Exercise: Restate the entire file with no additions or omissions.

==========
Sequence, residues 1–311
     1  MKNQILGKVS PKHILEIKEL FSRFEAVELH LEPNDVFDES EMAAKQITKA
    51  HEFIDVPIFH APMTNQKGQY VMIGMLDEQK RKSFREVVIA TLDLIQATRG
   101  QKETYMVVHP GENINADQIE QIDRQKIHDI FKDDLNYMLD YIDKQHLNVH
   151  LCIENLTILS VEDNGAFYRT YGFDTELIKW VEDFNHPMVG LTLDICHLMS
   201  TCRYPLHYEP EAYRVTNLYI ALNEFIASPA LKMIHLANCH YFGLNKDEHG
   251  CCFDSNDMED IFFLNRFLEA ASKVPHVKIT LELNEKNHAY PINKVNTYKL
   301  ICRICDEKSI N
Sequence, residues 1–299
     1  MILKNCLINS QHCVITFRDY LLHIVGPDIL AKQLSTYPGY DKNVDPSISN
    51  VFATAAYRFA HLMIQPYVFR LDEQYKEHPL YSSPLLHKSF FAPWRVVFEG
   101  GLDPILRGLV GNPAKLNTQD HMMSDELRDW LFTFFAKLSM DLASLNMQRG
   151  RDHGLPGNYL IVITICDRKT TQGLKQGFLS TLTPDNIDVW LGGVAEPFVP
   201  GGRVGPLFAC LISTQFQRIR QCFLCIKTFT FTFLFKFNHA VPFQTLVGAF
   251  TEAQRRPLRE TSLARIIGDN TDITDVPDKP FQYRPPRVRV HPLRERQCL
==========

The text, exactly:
Sequence, residues 1–311
     1  MKNQILGKVS PKHILEIKEL FSRFEAVELH LEPNDVFDES EMAAKQITKA
    51  HEFIDVPIFH APMTNQKGQY VMIGMLDEQK RKSFREVVIA TLDLIQATRG
   101  QKETYMVVHP GENINADQIE QIDRQKIHDI FKDDLNYMLD YIDKQHLNVH
   151  LCIENLTILS VEDNGAFYRT YGFDTELIKW VEDFNHPMVG LTLDICHLMS
   201  TCRYPLHYEP EAYRVTNLYI ALNEFIASPA LKMIHLANCH YFGLNKDEHG
   251  CCFDSNDMED IFFLNRFLEA ASKVPHVKIT LELNEKNHAY PINKVNTYKL
   301  ICRICDEKSI N
Sequence, residues 1–299
     1  MILKNCLINS QHCVITFRDY LLHIVGPDIL AKQLSTYPGY DKNVDPSISN
    51  VFATAAYRFA HLMIQPYVFR LDEQYKEHPL YSSPLLHKSF FAPWRVVFEG
   101  GLDPILRGLV GNPAKLNTQD HMMSDELRDW LFTFFAKLSM DLASLNMQRG
   151  RDHGLPGNYL IVITICDRKT TQGLKQGFLS TLTPDNIDVW LGGVAEPFVP
   201  GGRVGPLFAC LISTQFQRIR QCFLCIKTFT FTFLFKFNHA VPFQTLVGAF
   251  TEAQRRPLRE TSLARIIGDN TDITDVPDKP FQYRPPRVRV HPLRERQCL